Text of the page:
Monday, September 26, 2011
This year marks Doyle Mueser's first gleeful leap into the hallowed domain of the bow tie. The difference in thoughtful styling between vertical and horizontal neckwear is not an insignificant one. Both types of neckwear come from the same source: Croation mercenaries visiting the French court in the 17th century caught the eye of foppish noblemen who named the rakish scarves worn by the soldiers the "cravat," after the french for Croat. But the divergent evolution between the two ties is as obscure as it is marked. These days, bow ties are made mostly in three styles (with stranger variations occasionally making an appearance): the straight, oar-like "batwing," the flaring "thistle" end, and a slightly racier breed with pointed ends. Doyle Mueser stocks the latter two in a variety of colors and patterns.
Why does Wikipedia's list of Bow Tie wearers feature the phrase "trademark bow tie" so frequently? Because the bow tie is a choice for the bolder man - a less typical choice, one which reflects the natural individuality of the wearer. Among the bow-tied icons we find men as diverse as tubby war horse Winston Churchill, inimitable genius Bill Nye the Science Guy, pretentious architect Le Corbusier, children's television star and adult film connoisseur Pee Wee Herman, dapper dancer Fred Astaire, moustachioed wiseass Groucho Marx, shotgun-weilding president Teddy Roosevelt, the newest incarnation of Doctor Who, Matt Smith (one can almost forgive his clip-on suspenders,) creepy black supremacist Louis Farrakhan, slobbering mallard Donald Duck, and, of course, the original Satanic Edwardian Pervert - Aleister Crowley. These men are iconoclasts one and all, alike only in their preferred neckwear.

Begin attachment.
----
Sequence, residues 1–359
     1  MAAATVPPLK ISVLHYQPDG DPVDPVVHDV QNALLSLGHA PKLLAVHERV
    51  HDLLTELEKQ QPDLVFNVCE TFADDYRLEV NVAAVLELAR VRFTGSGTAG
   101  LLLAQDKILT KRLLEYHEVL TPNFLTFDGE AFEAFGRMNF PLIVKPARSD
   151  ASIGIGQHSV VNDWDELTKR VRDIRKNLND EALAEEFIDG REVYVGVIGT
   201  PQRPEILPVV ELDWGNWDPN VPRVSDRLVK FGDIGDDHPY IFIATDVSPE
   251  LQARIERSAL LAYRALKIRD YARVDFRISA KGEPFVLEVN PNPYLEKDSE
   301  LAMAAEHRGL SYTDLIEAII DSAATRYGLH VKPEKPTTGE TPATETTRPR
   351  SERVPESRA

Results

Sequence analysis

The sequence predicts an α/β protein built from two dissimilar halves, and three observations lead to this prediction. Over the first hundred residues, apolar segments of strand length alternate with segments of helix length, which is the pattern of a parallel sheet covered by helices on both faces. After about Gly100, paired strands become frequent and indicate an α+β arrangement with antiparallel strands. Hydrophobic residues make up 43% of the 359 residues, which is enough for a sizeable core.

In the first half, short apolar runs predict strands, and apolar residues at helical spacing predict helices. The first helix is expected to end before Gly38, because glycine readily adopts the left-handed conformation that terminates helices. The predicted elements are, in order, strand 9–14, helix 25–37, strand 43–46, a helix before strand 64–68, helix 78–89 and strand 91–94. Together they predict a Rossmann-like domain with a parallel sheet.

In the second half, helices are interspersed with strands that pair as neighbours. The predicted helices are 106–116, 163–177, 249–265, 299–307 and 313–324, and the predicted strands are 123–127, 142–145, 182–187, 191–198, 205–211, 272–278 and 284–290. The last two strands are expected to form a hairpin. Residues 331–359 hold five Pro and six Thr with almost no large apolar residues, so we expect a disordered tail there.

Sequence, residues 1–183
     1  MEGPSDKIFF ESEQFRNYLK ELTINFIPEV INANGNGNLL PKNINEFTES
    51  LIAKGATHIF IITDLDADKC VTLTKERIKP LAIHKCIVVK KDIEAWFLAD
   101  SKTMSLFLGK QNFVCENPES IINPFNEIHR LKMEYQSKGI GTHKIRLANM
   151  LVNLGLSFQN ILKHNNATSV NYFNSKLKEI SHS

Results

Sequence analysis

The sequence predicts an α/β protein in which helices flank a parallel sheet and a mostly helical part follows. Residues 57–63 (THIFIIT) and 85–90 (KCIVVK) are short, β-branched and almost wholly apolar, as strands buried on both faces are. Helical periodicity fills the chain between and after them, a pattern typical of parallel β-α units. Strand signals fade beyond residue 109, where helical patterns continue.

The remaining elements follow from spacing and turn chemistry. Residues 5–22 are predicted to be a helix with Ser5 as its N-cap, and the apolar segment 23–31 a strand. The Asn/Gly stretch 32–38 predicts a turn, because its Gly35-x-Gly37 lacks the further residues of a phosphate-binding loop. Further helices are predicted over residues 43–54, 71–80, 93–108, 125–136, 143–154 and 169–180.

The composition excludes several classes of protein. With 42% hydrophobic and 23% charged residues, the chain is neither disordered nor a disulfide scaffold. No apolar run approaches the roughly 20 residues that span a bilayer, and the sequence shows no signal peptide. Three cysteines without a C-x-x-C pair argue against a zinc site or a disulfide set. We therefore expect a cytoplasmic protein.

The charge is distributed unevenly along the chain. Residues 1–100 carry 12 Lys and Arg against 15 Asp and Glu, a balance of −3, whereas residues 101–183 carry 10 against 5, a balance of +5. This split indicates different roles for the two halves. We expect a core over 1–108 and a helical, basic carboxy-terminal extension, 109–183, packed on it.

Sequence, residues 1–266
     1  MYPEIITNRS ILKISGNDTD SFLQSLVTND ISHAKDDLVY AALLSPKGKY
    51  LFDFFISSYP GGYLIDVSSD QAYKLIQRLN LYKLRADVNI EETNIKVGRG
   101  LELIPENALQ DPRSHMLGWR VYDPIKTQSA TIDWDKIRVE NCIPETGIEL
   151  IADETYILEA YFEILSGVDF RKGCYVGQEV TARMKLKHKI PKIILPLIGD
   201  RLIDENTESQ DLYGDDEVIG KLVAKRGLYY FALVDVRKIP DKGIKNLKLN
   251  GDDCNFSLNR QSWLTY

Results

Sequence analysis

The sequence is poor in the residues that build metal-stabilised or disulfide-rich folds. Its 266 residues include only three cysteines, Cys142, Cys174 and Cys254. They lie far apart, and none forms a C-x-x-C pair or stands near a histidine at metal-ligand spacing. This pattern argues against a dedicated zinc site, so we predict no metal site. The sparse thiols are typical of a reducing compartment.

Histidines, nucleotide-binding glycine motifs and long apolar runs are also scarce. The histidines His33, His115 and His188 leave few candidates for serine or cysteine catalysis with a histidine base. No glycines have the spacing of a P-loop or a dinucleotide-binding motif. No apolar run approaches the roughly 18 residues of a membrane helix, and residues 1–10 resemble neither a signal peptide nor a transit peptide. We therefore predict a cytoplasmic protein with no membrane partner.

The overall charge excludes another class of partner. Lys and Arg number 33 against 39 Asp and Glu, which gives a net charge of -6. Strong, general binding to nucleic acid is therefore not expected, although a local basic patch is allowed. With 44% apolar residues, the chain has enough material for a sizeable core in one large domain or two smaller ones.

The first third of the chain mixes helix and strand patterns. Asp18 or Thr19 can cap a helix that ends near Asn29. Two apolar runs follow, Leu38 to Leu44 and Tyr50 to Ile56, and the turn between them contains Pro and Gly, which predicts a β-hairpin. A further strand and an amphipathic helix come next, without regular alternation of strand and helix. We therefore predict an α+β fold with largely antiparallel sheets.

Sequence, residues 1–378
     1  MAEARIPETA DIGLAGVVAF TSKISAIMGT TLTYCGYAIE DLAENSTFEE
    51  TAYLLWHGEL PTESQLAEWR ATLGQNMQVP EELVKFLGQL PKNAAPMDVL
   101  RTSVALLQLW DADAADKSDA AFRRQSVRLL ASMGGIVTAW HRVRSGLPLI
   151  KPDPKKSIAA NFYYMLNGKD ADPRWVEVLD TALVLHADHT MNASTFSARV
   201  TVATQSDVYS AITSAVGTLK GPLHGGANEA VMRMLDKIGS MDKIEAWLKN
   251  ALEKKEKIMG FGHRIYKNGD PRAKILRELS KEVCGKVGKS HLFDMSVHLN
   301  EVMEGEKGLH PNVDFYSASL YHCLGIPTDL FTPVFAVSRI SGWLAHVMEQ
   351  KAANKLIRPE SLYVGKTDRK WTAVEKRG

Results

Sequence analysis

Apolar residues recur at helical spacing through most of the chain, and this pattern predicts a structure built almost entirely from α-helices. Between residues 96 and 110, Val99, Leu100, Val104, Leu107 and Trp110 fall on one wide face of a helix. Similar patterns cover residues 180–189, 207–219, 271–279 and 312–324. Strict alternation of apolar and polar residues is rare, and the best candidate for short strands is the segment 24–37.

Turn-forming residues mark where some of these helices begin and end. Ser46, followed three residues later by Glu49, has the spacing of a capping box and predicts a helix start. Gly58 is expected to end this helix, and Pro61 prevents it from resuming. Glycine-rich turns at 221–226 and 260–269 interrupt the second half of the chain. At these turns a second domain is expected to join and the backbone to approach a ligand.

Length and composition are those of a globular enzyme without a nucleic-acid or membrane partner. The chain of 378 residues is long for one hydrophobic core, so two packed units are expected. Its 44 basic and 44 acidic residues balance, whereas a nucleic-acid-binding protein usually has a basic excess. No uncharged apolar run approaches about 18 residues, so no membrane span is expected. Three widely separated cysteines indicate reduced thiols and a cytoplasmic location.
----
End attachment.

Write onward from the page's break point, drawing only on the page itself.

1. If you wear a strap-on or clip-on variety people will think less of you and spit in your food when your back is turned.
2. If you wear anything else to a Monte Carlo casino, the other secret agents will laugh you out of the room and then spit in your champagne.
3. It is much more difficult to be strangled with your bow tie than with a typical necktie.